With everything I said and listed here, you should seriously ask yourself WHY I would rely on my dome thermometer.  You will come up with one of two answers.  1 - He's a complete idiot.  2 - He's on to something.  Maybe I should figure out what it is :)

 

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2 hours ago, John Setzler said:

He's on to something.

My vote. The only problem I have with dome thermometers is location... my location when reading it. 

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36 minutes ago, fbov said:

My vote. The only problem I have with dome thermometers is location... my location when reading it. 

 

True.. in the modern world we can't be bothered with walking out to the grill occasionally to see what's going on :)

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58 minutes ago, fbov said:

My vote. The only problem I have with dome thermometers is location... my location when reading it. 

Here's a little trick to help with that. Step 1. remove the clip that holds your dome thermometer in a fixed position. Step 2. once the thermometer is able to turn, simply turn it so your target temp is straight up at the top of the dial. Step 3, now you can see your temp and it's progression by the angle of the needle on your thermometer without being close enough to see or read the numbers. If the needle points  straight out to half way up the left side of the dial, you are half way your target temp, if it points straight up, you are  on your target temp, if it points to the right of straight up, you are over your target temp. Using this technique, I learned from Ck Reef, I can read my thermometer while sitting on the couch watching football and looking out the window at my grill, or while looking  out the kitchen window while doing prep work. Once you work with this a bit, you can tell the "spot on temp" just by the angle of the needle without being close enough to see the numbers. In addition to using this technique, I purchased a 3" dial from TelTrue which is much easier to see from a distance. Old School Cool B)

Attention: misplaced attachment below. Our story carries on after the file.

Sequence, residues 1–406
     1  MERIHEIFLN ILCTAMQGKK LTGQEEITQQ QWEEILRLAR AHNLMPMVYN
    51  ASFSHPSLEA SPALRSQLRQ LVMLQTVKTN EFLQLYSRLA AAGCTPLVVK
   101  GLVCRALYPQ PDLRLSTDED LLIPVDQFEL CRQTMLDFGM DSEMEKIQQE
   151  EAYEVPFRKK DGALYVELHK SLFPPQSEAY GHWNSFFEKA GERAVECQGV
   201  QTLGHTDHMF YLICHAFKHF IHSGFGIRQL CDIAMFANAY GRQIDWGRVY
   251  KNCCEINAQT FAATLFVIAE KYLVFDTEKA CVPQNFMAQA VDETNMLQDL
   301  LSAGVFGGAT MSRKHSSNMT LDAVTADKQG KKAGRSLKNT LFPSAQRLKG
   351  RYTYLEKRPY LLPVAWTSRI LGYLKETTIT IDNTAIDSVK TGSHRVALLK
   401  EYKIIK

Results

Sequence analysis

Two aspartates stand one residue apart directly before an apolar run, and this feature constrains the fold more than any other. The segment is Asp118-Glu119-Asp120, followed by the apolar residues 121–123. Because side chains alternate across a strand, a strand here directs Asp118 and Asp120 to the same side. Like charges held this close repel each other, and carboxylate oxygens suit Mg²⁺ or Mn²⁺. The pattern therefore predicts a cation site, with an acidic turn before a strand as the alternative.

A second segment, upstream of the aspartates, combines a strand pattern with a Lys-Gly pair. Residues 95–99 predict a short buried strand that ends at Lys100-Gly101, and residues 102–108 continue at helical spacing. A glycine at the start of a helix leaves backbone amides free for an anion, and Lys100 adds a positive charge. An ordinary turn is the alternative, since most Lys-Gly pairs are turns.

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41 minutes ago, fbov said:

My vote. The only problem I have with dome thermometers is location... my location when reading it.

I read of one fellow faced with that situation when attempting to do a long cook while he was at work. His

solution was to set up a video camera focused in on the dome thermometer. He then connected the camera

to his computer. While at work, he simply logged into his home PC and viewed the the dome temp. Sort

of redneck high tech, but it worked.

 

As for dome temps, make sure that the dome  thermometer is accurate, if not replace it. They are not

expensive and work very well in keeping track of a cook.

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Like @keeperovdeflame   explained swivel the thermometer so target temp is straight up and down. That was my old method.

 

I now use my Thermoworks Smoke or my Thermoworks ThermaQ devices. But not at grate level. I removed my standard dome thermometer and put the digital probe in the dome thermometer hole. I use either a slice of a wine cork or some foil to keep it in place depending on the grill. Nice accurate digital reading in the dome that I can take in the house with me. I even have this setup for my Wood Fired Oven. Single best upgrade I did to my grills.